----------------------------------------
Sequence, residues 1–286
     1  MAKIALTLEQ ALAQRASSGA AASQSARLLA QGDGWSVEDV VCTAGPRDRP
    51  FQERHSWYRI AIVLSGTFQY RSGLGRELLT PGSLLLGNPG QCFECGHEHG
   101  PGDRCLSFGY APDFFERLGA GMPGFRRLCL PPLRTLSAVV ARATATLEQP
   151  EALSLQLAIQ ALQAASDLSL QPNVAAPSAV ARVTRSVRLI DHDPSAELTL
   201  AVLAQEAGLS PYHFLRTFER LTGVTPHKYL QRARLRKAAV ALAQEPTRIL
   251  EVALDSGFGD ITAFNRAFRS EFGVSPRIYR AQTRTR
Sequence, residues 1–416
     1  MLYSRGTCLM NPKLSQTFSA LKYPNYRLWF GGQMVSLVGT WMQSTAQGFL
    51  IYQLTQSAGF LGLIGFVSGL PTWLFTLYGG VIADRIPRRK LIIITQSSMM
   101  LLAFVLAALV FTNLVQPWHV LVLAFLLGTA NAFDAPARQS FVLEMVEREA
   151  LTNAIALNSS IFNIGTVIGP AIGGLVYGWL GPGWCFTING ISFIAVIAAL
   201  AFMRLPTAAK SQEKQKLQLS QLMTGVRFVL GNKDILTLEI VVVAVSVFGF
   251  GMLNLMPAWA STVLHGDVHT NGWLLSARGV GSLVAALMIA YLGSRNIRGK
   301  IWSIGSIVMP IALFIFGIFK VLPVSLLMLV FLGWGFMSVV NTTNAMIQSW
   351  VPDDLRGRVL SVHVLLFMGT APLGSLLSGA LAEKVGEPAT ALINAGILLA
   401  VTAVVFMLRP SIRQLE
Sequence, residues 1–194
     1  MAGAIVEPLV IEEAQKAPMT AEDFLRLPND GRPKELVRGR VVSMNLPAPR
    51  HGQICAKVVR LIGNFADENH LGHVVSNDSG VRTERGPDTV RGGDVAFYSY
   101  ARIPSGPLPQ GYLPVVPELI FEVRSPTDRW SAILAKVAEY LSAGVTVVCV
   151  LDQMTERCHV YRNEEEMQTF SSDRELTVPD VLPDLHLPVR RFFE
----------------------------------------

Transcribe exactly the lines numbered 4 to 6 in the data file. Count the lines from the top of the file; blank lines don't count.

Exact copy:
   101  PGDRCLSFGY APDFFERLGA GMPGFRRLCL PPLRTLSAVV ARATATLEQP
   151  EALSLQLAIQ ALQAASDLSL QPNVAAPSAV ARVTRSVRLI DHDPSAELTL
   201  AVLAQEAGLS PYHFLRTFER LTGVTPHKYL QRARLRKAAV ALAQEPTRIL